Man Blames Wisconsin for Drunk Driving Arrest. He’s Got a Point.

wisconsin-tolerates-drunk-drivingIt’s hard to shift the blame for an OWI. You decided to drink and drive – no one forced you.

Don’t do the crime if you can’t do the time.

But recently a man who was picked up for drunk driving said that he was not to blame – the state of Wisconsin was.

The 23-year-old had crashed into an electrical pole at 3:30 in the morning. He refused a breathalyzer test and had to have blood drawn to assess his degree of intoxication or non-intoxication. It was his second OWI offense.

His excuse was that the Wisconsin drinking culture gave him “no other choice but to drink.”

He’s got a point. Wisconsin is notorious for pushing drinks on people. Last year a survey from detox.net proclaimed that Wisconsin was the drunkest state by any measure used.

  • More residents had consumed at least one alcoholic drink in the last 30 days
  • More residents – 8.7 percent – qualified as heavy drinkers.
  • More residents were binge drinkers

News articles have appeared – some of them very thorough and thoughtful – about why Wisconsin’s culture is so steeped in alcohol. There’s the German angle – the population is largely descended from people who loved brewing and beer-drinking. But somehow, Germany has managed to get a very good grip on drunk driving. The blood alcohol concentration (BAC) limit there is .05, lower than the US.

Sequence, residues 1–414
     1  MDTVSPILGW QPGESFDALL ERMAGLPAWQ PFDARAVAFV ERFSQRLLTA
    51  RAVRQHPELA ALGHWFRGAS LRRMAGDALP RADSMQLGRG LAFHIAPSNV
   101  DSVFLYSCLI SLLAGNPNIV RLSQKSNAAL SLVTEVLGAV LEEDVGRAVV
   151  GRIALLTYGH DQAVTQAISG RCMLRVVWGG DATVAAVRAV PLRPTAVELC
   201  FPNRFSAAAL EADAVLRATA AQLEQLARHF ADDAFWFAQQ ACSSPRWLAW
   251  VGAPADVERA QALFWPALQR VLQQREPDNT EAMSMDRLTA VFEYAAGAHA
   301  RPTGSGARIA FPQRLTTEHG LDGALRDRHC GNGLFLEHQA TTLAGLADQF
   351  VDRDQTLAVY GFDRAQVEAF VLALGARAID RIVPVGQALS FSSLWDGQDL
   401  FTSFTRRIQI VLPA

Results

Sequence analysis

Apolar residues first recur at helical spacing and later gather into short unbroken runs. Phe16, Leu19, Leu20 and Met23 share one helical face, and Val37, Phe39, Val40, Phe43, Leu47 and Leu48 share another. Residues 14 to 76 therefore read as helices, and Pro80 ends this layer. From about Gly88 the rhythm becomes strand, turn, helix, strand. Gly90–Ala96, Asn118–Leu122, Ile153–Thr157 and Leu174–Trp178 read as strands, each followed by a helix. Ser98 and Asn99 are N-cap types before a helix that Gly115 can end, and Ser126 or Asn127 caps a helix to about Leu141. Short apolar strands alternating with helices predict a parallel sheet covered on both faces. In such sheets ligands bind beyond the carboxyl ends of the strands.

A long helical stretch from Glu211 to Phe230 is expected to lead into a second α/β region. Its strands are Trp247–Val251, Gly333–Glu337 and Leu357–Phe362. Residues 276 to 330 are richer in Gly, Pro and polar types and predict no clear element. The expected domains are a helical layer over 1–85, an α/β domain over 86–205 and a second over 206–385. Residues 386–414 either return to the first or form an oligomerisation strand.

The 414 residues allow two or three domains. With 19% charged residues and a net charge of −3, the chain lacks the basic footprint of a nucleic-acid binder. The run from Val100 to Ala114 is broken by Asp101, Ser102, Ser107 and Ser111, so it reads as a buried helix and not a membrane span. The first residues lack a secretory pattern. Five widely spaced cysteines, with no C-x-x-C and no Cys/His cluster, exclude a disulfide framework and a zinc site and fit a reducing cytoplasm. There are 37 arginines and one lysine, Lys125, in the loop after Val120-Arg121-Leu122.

Some cite the cold winters, but somehow Sweden has a much lower rate of alcohol-related road fatalities. And they have a pretty cold winter. The BAC limit there is .02, however.

It might just come down to Wisconsin’s tolerant attitude. Alcohol is sold and welcomed everywhere, and it fuels most gatherings.  The question is why the state seems to extend that welcome to drunk drivers.

One reason is that alcohol vendors hold a good amount of sway in Wisconsin. That influence has been able to quash strong anti-OWI laws. The state does not mandate ignition interlocks (car breathalyzers) for all drunk driving offenses, as 28 other states now do.  Repeat drunk drivers are not charged with a felony until the fourth offense. There is no minimum jail sentence for a first offense. In fact, as far as criminal penalties for drunk driving go, Wisconsin ranked 46 out of 50 states in a recent WalletHub survey.

So maybe the man was right – in part. Ultimately, the choice to drink and drive is an individual one. But it’s clear that Wisconsin is doing its best to keep drunk drivers out of jail and on the road.